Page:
A volatile and expensive rental market is the undoing of many a family who wishes to live on this rural island [Vashon-Maury Island, WA] that 11,000 call home, but the tiny house movement that is sweeping the nation is helping a few combat the problem.
Juniper Rogneby, an islander of three years, lives with her husband and two young children just east of town on 5 acres. As she looked through island rental properties in a search to find a place her parents could stay while they visited, she was struck by the expense and knew she needed to figure out another plan.
Her parents live in Austin, Texas, and usually visit twice a year. One of the visits always falls during the expensive summer season.
As prices for island rentals offered through websites such as Airbnb and VRBO have climbed, and continue to, she and her husband decided in 2014 that a tiny house could be the answer to the guest accommodations problem.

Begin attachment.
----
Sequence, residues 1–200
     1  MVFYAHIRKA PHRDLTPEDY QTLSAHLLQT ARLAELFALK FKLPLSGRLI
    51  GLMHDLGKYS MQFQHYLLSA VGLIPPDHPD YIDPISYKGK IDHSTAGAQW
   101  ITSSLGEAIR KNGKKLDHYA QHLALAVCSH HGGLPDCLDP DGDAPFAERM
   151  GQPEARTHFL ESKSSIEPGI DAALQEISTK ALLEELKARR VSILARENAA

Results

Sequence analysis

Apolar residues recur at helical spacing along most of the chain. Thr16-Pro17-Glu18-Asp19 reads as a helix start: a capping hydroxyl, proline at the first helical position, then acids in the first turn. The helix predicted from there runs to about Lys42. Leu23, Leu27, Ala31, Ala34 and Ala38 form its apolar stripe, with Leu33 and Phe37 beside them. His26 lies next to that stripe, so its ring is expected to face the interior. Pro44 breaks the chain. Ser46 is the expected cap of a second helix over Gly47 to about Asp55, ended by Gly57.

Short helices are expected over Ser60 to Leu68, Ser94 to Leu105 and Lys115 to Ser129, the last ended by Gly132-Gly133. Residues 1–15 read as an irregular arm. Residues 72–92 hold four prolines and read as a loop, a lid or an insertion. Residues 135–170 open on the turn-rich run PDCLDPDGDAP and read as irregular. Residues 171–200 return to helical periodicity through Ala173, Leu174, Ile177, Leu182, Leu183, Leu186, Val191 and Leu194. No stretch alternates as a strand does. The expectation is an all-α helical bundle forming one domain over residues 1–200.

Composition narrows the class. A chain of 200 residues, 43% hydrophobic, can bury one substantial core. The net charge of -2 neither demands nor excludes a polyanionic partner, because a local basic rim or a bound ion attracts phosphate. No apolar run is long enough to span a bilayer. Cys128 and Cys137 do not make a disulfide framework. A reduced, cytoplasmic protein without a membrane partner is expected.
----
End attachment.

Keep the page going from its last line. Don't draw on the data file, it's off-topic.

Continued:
“It’s so expensive to get a rental in the summer. There was no way we could keep doing it. It was getting ridiculous,” Rogneby said as she stood at the kitchen counter inside her family’s tiny house that has become a guest home.
The 192-square-foot house perched on a hill above the family’s farm is fully furnished with a functioning bathroom, kitchen and two beds, but the road to an affordable guest house was long and winding through uncharted territory.
“There’s a movement of tiny houses as a primary home, but we knew we weren’t interested in that because we have small kids and a dog. But I was looking at blogs and all kinds of things and we thought one could work as a guest house,” Rogneby said. “We had to decide, ‘Do we start from scratch or what?’”
Many tiny home enthusiasts build their homes using a trailer as a base, so it can be towed and moved from place to place. Since the family knew their home would not be moving, they began looking at kits.